I leave for England on August 16th and begin work on September 1st. I have a job, a place to live, a British passport, and finally my plane ticket! Only have a few things left to do- sell my car, buy a new "non-Colorado" wardrobe, and learn how to teach high school...nothing major!
I will be teaching science for grades 7-11 at Chesham Park Community College in Chesham, Buckinghamshire, England. Chesham is northwest of London but still on the London tube line (the Metropolitan Line for those familiar with it). I still don't have my exact teaching assignment but have been told that I will teach about 5-7 different classes per day! This is going to be a BIG SHOCK compared to my 4 sections of the same class that I have now taught for the last six years. Professionally, this experience will definitely be a challenge!
I've never taught high school so that is one of the aspects I am most nervous about. I think that I am the perfect amount of dorkiness for middle school (at least in the US) and I am nervous that I am overly dorky for high school and they will think I am an idiot. They will probably think that by default, given that they are teenagers. I just have a hunch that teenagers are kind of the same no matter where you live!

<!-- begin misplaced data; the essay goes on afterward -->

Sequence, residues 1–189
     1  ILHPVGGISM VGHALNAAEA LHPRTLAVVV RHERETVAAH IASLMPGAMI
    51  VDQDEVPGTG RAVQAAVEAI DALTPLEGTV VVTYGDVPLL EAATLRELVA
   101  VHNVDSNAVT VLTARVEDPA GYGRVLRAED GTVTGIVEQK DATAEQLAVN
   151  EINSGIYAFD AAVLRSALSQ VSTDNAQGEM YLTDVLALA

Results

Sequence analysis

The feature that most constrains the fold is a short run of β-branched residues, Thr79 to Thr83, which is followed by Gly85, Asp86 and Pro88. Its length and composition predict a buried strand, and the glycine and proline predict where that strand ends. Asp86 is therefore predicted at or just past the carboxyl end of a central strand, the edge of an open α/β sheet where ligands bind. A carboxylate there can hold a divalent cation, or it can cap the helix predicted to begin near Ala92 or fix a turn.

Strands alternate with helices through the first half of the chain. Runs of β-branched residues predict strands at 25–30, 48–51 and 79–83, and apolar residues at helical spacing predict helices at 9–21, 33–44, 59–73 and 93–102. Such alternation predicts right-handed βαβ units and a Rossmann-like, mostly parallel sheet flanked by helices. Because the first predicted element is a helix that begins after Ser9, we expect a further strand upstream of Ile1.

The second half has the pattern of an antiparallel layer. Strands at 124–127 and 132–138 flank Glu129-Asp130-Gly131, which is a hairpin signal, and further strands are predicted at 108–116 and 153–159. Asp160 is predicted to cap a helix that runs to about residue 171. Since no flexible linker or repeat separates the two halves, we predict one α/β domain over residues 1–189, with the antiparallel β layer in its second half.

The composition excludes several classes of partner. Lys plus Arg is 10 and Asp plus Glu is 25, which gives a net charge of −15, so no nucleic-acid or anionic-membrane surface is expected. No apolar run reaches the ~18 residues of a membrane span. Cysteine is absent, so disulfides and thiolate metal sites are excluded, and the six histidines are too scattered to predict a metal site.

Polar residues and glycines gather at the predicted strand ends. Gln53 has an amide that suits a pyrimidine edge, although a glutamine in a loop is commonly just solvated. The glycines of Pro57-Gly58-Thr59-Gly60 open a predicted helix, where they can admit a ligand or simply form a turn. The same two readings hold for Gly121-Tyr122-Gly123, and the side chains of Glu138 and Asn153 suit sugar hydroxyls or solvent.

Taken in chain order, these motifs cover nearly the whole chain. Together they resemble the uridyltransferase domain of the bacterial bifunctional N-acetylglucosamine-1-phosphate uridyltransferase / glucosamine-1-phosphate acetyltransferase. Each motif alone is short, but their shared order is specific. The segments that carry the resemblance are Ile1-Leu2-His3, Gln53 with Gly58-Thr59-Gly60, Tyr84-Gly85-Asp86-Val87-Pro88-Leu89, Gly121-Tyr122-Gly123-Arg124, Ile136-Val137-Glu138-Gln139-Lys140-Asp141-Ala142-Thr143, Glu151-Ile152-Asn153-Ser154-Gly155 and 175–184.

Chesham Park is a performing arts school-I'm hoping it will be like Fame or Glee but I think that might be wishful thinking. I'm hoping for some interpretive dances on scientific topics in my science class! I can see it now- photosynthesis, molecular structure of water, F=ma. I can't wait!
Mostly, I am just concerned about how I will be able to get to know students well (like I feel I do at home) when I will only see them for 50 minutes per day and some of them I won't even see everyday. I know that building relationships with teenagers is the foundation for learning in a classroom and I've had so much time to work on that in my current school that I hope I can figure out a way to expedite the process in my new school.
I have been having the same kind of dreams that I had before I started teaching my first year where I totally lose control of the classroom and the kids are just going wild and yelling and running around everywhere. I know that is unlikely to happen, but classroom management just freaks me out a bit in another culture.
My list of professional concerns goes on and on but it seems unnecessary to go to pieces over pure speculation. So, for now, I'll just enjoy the rest of the summer here in my favorite place, Colorado, and worry about getting some clothes that might be socially acceptable compared to my normal Colorado style.